Sure, I know, I don’t have to put a blow-up Santa in my yard. I can make choices that align with my values. I can give donations and experiences and homemade gifts. I can avoid the chocolate-frosted, eggnog-flavored butter cream coating on everything. I can listen to The Little Drummer Boy to remind me that the gifts we bring are our talents more than our frankincense and myrrh. I can remind myself to make of the season what I want, and that I don’t have to go along with the consumer crowd. And mostly I do. But sometimes, the piles of plastic toys and the pop holiday music and the dark dark darkness leave me feeling like I can’t breathe.

That’s why at the holiday season, I really relate to the intercostal muscles. (Doesn’t everybody?) That’s right: at this time of year, I feel like a beleaguered little intercostal muscle. Take a deep breath right now and you can feel those determined little dudes between your ribs. Since they are the main muscles that move the chest and rib cage, those poor guys never get a break. Take a nap, and your leg, shoulder, and core muscles all get some time off to relax but not the intercostals. Nope. Those puppies never stop. Which is a good thing, don’t get me wrong. We need breath to live. But still. It’s relentless.

Or it can seem that way.

intercostals greys anatomy

Look closely at the design of the intercostal muscles and you’ll see that there are both external intercostals (which allow inhalation and expansion of the ribs) and internal intercostals (which allow exhalation and contraction of the ribs). The two sets of muscles overlap and work together to allow breath … and they give each other rest during every breath.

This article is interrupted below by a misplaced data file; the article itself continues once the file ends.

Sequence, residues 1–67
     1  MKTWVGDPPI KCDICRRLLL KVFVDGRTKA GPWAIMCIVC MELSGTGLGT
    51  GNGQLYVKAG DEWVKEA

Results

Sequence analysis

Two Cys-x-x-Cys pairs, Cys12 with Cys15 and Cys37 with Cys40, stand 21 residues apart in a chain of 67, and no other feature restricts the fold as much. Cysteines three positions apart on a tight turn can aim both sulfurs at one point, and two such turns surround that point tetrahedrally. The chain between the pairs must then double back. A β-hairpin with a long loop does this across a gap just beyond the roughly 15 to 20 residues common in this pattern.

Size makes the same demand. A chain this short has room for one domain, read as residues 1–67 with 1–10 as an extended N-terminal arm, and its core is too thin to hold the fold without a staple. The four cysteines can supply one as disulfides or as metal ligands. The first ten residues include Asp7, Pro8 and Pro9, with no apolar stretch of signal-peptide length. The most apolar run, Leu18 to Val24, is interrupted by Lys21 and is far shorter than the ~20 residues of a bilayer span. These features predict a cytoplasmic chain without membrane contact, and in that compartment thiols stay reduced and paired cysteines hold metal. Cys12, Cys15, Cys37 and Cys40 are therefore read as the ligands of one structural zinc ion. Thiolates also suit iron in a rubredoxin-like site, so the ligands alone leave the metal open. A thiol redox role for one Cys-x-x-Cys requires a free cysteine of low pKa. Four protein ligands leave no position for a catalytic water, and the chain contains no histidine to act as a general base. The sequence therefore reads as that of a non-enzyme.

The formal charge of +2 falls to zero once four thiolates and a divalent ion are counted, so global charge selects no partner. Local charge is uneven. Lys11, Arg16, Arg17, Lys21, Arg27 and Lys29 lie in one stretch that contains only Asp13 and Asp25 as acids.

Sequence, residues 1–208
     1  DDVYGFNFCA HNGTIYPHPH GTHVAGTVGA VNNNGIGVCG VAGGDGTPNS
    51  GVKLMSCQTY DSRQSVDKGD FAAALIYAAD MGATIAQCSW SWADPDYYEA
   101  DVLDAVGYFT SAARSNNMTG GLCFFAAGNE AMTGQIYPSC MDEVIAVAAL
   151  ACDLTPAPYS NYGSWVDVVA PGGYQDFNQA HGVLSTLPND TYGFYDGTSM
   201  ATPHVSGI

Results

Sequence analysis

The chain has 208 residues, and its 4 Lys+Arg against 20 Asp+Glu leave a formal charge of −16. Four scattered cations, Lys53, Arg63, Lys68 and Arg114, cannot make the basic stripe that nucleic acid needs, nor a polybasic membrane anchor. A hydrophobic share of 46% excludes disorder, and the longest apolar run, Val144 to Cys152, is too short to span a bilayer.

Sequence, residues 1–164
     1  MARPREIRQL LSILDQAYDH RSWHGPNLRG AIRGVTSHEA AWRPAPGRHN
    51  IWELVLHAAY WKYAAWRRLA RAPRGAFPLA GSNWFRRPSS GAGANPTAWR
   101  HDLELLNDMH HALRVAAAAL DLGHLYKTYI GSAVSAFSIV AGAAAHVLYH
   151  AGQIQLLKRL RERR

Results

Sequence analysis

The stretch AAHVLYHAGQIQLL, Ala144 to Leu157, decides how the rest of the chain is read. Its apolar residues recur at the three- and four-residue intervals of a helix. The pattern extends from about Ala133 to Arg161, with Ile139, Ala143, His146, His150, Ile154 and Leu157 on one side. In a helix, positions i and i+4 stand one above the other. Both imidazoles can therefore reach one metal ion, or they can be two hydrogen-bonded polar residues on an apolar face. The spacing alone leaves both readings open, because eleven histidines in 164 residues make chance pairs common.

If I really stop and pay attention, maybe it isn’t as relentless as I thought. If I relax and let my body breath naturally, there is a little pause at the top of the breath and an even longer one at the bottom. A little sliver of rest right in the middle of the business and busyness of breathing.

Perhaps I can find a sliver of rest in my holidays, too.

Maybe you love this time of year. Maybe you can’t get enough of the tinsel and toffee. Maybe you are itching for holiday music in October. Maybe the swirl and jingle of it all lights you up.

Maybe it does and maybe it doesn’t.

Either way, we can all take a lesson from the brilliant little intercostal muscles. Take a breath and feel the peace that is woven into your body. Even in what seems like the relentlessness of living, they find a little space, rest, and peace.

They need it and so do we.

winter-solstice-fairbanks-alaska

The strangest thing happens to my perception of time in December.  It feels like it gradually speeds up starting at Thanksgiving, rocketing through Hanukkah, whizzing to Christmas and then careening right to midnight on January 1.  Whatever you celebrate at this time of year and even if you don’t celebrate anything, there is no avoiding the swirl of the season.

Wild People Singing

One of my favorite Christmas carols is The Carol of the Bells.  I love the energy of the music.  For me, it captures the speed of the season.  I’ve never actually sung this carol, so for fun, I looked up the lyrics.  The chorus goes “Gaily they ring, while people sing / Songs of good cheer, Christmas is here! /